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Court Ruling Puts Millions in Transit Funds in Jeopardy

According to a State Supreme Court judge, an MTA budget-balancing tax on businesses was not passed legally.

A State Supreme Court judge in Nassau County ruled Wednesday that a tax levied on small business owners to fund millions of dollars worth of subway, bus and commuter rail infrastructure projects and upkeep was unconstitutional, according to a Reuters report.

The judge ruled against the MTA Payroll Tax first instituted in 2009 because it applies to only 12 city and suburban New York counties—a move that the court said requires a home-rule message approved by at least two-thirds of the State Legislature.

The MTA reportedly plans to appeal the ruling.

Reaction to the decision from transit advocates was swift.

"This decision threatens the foundation of the state’s economy," said Paul Steely White, executive director of Transportation Alternatives. "Public
transportation is critical to the New York City metropolitan area—an
area which provides 45 percent of the state’s tax revenue, paying for
countless public services from Niagara Falls to Montauk. We hope Gov. Cuomo resolves this case, and that the appeals court will consider the substantial state interest when reviewing this ruling."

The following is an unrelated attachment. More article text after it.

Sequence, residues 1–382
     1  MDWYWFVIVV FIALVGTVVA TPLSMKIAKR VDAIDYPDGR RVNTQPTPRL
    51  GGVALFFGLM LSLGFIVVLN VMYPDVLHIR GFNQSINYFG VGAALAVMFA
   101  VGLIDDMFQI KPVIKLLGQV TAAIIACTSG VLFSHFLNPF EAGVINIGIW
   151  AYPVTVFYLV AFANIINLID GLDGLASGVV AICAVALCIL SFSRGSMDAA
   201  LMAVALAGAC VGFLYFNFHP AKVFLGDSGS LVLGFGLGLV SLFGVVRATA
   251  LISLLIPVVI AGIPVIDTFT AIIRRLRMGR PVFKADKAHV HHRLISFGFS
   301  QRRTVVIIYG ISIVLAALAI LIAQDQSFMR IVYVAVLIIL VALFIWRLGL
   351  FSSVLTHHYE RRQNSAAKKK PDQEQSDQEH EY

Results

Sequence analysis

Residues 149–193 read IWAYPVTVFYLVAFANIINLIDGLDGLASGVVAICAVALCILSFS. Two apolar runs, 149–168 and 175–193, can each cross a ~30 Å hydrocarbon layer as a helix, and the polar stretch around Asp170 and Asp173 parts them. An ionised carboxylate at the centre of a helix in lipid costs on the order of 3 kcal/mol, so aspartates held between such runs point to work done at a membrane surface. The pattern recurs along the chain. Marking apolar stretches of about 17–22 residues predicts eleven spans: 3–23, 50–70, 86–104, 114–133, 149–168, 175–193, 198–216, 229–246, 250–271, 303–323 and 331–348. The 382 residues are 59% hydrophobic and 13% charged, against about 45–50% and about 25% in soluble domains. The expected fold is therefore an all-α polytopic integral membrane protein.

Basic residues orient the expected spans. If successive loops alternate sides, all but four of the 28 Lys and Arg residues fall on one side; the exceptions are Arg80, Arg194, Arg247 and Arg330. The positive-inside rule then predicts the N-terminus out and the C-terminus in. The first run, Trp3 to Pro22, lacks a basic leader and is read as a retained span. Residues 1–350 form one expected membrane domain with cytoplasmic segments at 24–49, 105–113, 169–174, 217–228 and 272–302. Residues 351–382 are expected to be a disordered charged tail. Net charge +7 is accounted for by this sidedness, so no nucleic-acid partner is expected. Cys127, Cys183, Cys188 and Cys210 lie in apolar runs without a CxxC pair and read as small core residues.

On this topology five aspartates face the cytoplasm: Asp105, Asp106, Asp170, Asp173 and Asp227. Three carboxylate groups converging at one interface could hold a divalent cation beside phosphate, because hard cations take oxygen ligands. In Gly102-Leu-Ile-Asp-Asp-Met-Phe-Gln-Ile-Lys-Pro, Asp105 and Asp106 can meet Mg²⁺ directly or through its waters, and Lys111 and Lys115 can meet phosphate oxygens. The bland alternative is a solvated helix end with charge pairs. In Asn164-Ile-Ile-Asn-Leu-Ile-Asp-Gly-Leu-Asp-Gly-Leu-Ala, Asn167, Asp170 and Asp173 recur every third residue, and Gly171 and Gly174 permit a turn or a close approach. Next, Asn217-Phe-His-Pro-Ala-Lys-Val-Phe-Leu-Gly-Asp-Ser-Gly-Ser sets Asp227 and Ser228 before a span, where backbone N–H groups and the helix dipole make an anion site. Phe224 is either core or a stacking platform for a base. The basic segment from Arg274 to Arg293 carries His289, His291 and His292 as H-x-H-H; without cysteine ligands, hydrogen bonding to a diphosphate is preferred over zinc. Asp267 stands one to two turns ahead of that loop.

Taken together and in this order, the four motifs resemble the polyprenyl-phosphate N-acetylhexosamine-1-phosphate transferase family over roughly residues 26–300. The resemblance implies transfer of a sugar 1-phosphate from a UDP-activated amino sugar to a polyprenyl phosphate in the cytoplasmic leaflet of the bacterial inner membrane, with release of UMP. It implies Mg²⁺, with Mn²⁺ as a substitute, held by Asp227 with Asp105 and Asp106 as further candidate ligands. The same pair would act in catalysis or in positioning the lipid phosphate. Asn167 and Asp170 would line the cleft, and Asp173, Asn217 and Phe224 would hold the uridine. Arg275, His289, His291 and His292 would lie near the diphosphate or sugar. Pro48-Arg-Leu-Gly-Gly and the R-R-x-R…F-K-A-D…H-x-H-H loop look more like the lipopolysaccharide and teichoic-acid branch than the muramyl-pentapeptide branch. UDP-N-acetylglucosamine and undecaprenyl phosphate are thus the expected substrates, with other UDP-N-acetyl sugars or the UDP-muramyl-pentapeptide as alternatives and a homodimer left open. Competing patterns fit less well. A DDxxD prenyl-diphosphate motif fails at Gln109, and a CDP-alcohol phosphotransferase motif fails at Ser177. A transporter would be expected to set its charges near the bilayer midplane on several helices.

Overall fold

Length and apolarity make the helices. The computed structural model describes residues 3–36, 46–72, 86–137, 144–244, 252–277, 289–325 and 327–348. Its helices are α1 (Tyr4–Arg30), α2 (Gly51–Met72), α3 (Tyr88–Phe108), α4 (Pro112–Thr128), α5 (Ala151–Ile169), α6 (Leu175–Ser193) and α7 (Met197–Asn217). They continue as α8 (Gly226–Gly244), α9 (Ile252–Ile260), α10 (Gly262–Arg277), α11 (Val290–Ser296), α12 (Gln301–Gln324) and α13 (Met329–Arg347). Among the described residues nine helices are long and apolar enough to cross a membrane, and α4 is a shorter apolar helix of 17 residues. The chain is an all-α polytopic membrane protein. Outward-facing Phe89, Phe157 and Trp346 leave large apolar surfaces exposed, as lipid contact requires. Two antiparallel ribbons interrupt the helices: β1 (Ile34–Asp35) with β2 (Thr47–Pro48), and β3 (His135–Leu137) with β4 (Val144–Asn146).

When adopted in 2009 by the Ravitch Commission called by then Gov. David Paterson to help shore up the MTA's finances, the tax imposed a 34-cent tax for every $100 of payroll.

After considerable outrage throughout the first couple of years of the tax, the MTA rolled it back at the end of 2011, eliminating it entirely for businesses with an annual payroll under $1.25 million. The , though the measure never got the required support from the Democratic-controlled Assembly.

Joseph Pinciaro contributed to this story.

Scottilla August 23, 2012 at 08:10 PM
However, the 8 1/2 MILLION people who use the MTA daily, work for and patronize the same small businesses, will have to make up the shortfall with higher fares and worse service.


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